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Conrad’s Destructive Element

The Metaphysical World-View Unifying Lord Jim

Author(s): Kenneth B. Newell

Book Description

This book presents a new interpretation of Joseph Conrad’s novel Lord Jim based on readings from not only its published text but also its principal manuscript text. Extensive use of the manuscript text has not been a feature of any other work on Lord Jim, and such use helps bring into focus a fixed pattern of meaning and an implicit unity that Conrad said the novel has. This result controverts not only postmodern critics, who say that the novel lacks any fixed pattern of meaning, but almost all critics since its publication, who have said that it lacks unity—specifically, that it separates into two halves, the Patna half and the Patusan half. However, with the help of the manuscript text, a detailed interpretation extending over the whole of Lord Jim shows it to be a unified whole. As Conrad wrote to his publisher four days after completing the novel, it is “the development of one situation, only one really from beginning to end.”

Most recent Lord Jim criticism discusses the novel from a standpoint critical of the author and in political or epistemological terms, whereas the present book discusses it from a standpoint sympathetic to the author and in symbolic and metaphysical terms. The metaphysical question that pervades the novel and helps unify it is whether the “destructive element” that is the “spirit” of the Universe has intention—and, beyond that, malevolent intention—toward any particular individual or is, instead, indiscriminate, impartial, and indifferent. Depending (as a corollary) on the answer to that question is the degree to which the particular individual can be judged responsible for what he does or does not do. Variant responses to the question or its corollary are provided not only by several characters and voices in Lord Jim but also by a letter of Conrad’s and by excerpts from works by Arthur Schopenhauer, Thomas Hardy, James Thomson (“B. V.”), and John Stuart Mill.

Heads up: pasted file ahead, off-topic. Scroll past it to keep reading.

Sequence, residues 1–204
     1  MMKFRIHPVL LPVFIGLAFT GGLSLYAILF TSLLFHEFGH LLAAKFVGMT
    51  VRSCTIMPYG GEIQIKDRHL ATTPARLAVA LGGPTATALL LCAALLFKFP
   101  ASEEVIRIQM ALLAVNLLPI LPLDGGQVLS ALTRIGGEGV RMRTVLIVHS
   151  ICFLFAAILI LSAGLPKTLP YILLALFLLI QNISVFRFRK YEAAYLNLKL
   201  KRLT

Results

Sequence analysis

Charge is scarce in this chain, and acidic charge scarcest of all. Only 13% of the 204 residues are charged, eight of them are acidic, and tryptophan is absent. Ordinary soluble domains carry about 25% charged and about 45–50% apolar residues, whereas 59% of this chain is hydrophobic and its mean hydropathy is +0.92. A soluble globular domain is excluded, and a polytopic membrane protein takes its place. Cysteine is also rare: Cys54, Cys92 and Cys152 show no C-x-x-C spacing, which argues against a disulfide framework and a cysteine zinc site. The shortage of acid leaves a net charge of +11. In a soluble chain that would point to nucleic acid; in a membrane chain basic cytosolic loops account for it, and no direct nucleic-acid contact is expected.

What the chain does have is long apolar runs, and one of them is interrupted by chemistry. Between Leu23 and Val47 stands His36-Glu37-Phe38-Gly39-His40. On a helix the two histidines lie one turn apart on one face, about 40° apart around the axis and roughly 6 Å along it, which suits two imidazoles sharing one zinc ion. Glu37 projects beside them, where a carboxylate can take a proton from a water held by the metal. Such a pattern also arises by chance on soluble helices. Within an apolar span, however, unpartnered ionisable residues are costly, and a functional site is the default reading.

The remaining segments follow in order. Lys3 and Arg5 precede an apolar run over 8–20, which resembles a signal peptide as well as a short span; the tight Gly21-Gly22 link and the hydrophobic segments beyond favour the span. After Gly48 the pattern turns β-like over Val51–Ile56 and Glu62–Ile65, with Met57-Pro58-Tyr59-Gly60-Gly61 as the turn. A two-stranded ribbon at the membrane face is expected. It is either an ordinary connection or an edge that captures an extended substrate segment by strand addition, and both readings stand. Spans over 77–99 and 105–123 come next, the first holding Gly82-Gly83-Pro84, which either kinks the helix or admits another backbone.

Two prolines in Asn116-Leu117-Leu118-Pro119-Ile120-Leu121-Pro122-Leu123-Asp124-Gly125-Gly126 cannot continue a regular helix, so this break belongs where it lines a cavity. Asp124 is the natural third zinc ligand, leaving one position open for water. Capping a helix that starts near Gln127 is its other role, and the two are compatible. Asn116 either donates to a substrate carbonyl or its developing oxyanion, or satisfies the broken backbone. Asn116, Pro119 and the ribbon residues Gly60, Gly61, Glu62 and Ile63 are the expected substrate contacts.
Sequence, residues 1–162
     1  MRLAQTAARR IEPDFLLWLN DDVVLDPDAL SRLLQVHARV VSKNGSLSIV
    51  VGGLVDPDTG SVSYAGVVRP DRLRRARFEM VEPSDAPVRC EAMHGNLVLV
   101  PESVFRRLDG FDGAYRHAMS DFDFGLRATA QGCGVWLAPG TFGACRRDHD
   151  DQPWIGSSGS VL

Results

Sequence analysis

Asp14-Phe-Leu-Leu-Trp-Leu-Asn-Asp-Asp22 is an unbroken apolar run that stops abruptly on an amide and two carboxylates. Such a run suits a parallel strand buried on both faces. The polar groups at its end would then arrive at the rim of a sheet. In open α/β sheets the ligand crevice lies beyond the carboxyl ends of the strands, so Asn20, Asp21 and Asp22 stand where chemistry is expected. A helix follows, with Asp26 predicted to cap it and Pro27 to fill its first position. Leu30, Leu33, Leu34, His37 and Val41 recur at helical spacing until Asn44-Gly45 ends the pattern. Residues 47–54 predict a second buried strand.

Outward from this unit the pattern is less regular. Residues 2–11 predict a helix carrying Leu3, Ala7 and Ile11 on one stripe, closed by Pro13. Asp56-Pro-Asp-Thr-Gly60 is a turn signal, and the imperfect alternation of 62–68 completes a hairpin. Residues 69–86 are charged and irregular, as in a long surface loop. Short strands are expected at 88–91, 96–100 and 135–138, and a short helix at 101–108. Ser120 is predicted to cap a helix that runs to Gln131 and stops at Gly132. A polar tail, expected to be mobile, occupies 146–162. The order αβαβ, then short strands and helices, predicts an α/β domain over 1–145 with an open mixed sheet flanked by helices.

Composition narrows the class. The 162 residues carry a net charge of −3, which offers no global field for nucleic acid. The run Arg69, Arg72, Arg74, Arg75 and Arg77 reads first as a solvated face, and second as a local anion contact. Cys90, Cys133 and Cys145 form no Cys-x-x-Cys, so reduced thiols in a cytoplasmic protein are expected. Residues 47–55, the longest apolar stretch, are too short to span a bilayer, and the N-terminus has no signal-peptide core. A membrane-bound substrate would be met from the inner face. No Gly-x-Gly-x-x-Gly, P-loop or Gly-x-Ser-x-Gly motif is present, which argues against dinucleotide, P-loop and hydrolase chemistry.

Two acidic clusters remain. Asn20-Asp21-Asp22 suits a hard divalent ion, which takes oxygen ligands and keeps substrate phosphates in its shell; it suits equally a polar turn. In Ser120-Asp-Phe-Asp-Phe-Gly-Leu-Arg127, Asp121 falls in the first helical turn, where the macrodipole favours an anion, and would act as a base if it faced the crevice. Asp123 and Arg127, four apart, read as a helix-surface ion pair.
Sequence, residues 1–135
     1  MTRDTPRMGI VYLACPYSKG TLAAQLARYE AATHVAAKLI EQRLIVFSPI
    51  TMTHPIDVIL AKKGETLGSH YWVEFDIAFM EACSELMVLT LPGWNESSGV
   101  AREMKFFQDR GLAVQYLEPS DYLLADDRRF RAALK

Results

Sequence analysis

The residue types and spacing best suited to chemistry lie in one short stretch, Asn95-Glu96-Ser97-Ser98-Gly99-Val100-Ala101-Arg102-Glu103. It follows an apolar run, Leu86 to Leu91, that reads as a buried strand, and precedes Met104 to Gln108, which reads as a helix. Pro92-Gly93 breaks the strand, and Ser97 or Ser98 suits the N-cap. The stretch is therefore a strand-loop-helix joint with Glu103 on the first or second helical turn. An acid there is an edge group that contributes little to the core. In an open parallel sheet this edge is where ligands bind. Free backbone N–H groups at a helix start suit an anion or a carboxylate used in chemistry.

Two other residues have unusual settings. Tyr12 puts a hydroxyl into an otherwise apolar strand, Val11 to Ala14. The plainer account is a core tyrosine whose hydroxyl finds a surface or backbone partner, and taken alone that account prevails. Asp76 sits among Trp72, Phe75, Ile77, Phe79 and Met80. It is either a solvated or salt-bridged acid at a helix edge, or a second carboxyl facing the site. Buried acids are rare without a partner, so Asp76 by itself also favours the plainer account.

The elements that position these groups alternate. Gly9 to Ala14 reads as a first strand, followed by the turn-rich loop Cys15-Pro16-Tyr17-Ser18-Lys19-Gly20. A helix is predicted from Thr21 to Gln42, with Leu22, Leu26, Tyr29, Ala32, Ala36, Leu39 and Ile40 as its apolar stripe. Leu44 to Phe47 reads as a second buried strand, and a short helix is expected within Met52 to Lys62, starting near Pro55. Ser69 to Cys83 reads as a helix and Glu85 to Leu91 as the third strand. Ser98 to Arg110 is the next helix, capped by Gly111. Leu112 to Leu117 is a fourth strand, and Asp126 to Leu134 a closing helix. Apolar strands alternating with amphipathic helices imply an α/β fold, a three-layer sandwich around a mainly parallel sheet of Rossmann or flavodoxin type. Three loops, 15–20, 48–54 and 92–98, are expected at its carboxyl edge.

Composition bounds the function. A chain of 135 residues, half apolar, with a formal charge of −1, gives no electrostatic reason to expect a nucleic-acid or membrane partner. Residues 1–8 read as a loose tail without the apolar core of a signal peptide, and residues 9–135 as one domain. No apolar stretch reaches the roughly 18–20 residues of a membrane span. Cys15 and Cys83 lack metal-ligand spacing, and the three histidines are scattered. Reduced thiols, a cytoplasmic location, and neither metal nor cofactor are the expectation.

The present book is written in a lay vocabulary free of the diction of postmodern theory and so would be understandable to non-academic as well as academic readers. It is intended for anyone interested in gaining a coherent nonpolitical understanding of Lord Jim.


ISBN-13: 978-1-4438-2667-9
ISBN-10: 1-4438-2667-7
Date of Publication: 01/02/2011
Pages / Size: 170 / A5
Price: £34.99


Kenneth B. Newell is an alumnus of the University of Massachusetts at Lowell and received a master’s degree and doctorate in English at Columbia University and the University of Pennsylvania respectively. Before his retirement, he coordinated the Humanistic Studies Program at Christopher Newport University and taught English there and at several other universities—Drexel, Kansas, California at Los Angeles, Virginia Commonwealth, California State at Bakersfield, and Southern California. He is the author of Structure in Four Novels by H. G. Wells, Pattern Poetry: A Historical Critique from the Alexandrian Greeks to Dylan Thomas, New Conservative Explications: Reasoning with Some Classic English Poems, A Theory of Literary Explication: Specifying a Relativistic Foundation in Epistemic Probability, Cognitive Science, and Second-Order Logic, and scholarly articles mainly on early Modern British fiction.